The best books about Martin Luther King, Jr. and his words

W. Jason Miller Author Of Origins of the Dream: Hughes's Poetry and King's Rhetoric
By W. Jason Miller

Who am I?

Lost audio reels, archived poetry drafts, personal interviews, and undeveloped photograph negatives spark my compulsive curiosity to tell stories about language that people have never heard. Uncovering what is hidden has led to a digital project dedicated to Martin Luther King’s first “I Have a Dream” speech, a museum exhibit based on never-before-seen images of an 1,800 person KKK march staged in opposition to a King appearance in 1966, and an intimate interview with Dorothy Cotton about her memories of Dr. King. Of my three books, I have written a recent biography, Langston Hughes: Critical Lives. Part of my current research details the poet’s collaborative relationship with jazz singer Nina Simone.  


I wrote...

Origins of the Dream: Hughes's Poetry and King's Rhetoric

By W. Jason Miller,

Book cover of Origins of the Dream: Hughes's Poetry and King's Rhetoric

What is my book about?

While uncovering a long-lost reel-to-reel audio tape of MLK’s first “I Have a Dream” speech, delivered in Rocky Mount, NC over nine months before the March of Washington, I wrote Origins of the Dream to trace King’s use of seven poems by Langston Hughes. I learned that King’s animating metaphor was as much poetic as it was prophetic. In fact, Hughes and King knew each other, exchanged letters, and even traveled together to Nigeria in 1960.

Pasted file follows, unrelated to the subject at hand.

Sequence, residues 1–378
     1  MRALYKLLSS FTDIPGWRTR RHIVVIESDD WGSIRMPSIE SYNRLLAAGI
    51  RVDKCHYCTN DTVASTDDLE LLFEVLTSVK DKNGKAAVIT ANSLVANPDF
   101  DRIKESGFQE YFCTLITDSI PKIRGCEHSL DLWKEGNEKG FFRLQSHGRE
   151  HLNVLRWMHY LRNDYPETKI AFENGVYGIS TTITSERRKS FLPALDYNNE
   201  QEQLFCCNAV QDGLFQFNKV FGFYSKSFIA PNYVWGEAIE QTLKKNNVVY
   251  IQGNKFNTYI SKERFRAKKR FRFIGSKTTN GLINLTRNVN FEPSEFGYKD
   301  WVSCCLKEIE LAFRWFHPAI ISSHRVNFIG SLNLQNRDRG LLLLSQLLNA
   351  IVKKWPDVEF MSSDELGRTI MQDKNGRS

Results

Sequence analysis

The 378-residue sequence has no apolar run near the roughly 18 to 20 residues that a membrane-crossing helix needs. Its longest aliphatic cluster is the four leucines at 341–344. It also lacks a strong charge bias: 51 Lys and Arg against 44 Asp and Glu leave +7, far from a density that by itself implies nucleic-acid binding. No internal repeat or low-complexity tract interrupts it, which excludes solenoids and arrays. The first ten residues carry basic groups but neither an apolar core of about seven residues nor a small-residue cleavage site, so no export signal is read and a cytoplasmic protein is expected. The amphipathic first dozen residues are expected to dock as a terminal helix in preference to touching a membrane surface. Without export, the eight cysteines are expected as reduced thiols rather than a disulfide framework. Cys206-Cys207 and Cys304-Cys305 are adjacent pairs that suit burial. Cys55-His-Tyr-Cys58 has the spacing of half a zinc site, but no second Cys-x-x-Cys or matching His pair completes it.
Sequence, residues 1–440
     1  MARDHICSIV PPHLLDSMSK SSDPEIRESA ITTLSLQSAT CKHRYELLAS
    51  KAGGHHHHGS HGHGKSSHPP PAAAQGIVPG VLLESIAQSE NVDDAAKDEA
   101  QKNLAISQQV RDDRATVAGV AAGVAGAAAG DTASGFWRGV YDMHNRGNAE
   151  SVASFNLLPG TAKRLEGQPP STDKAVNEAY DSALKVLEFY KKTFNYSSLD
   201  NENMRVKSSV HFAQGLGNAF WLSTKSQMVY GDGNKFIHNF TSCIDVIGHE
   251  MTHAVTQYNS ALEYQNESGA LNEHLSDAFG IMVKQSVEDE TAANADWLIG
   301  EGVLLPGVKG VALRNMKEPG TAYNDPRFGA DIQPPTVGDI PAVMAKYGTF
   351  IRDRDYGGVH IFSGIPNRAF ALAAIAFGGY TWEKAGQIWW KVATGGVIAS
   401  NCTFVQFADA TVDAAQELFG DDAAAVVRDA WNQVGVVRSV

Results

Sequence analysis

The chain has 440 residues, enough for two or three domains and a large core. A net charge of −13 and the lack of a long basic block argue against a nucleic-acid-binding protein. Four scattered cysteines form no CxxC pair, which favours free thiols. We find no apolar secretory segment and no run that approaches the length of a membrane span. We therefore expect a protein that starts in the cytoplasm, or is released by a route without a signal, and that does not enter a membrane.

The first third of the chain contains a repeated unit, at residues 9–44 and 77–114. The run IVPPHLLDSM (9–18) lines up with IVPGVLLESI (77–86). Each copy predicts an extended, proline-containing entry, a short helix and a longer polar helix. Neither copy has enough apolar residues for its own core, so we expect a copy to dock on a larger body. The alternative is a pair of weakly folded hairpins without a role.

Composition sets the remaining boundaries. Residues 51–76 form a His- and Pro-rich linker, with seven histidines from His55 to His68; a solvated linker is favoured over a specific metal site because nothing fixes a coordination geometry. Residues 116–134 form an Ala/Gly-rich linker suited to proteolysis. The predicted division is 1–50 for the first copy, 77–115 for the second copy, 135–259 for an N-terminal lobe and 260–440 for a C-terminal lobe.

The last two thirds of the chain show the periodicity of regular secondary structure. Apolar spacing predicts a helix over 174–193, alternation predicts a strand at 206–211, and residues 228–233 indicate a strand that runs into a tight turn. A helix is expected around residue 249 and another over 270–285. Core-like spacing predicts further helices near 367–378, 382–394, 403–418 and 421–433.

As such, King played a dangerous game of embracing the ideas of a poet who had been the subject of redbaiting and had his reputation tarnished in most circles after testifying on television before Joseph McCarthy in 1953. Hughes’s revolutionary verses were often intentionally concealed within King’s speeches from 1963-66 as King had to be most cautious about publically aligning himself with the left during the years he most hoped to win mainstream political support.

The books I picked & why

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Bearing the Cross: Martin Luther King, Jr., and the Southern Christian Leadership Conference

By David J. Garrow,

Book cover of Bearing the Cross: Martin Luther King, Jr., and the Southern Christian Leadership Conference

Why this book?

Because of the extensive personal interviews with those closest to Martin Luther King, I too started affectionately calling him “Doc” halfway through this Pulitzer-Prize-winning biography. This definitive work was my first (and favorite) entry into understanding one of the most important figures of the twentieth century. Garrow’s unquestioned accuracy, measured storytelling, and quick pacing bring to life all the big events and accomplices in King’s world. Only this biography pulls me right into the strained moments we all know such leaders endure during meaningful lives.

Voice of Deliverance: The Language of Martin Luther King, Jr., and Its Sources

By Keith D. Miller,

Book cover of Voice of Deliverance: The Language of Martin Luther King, Jr., and Its Sources

Why this book?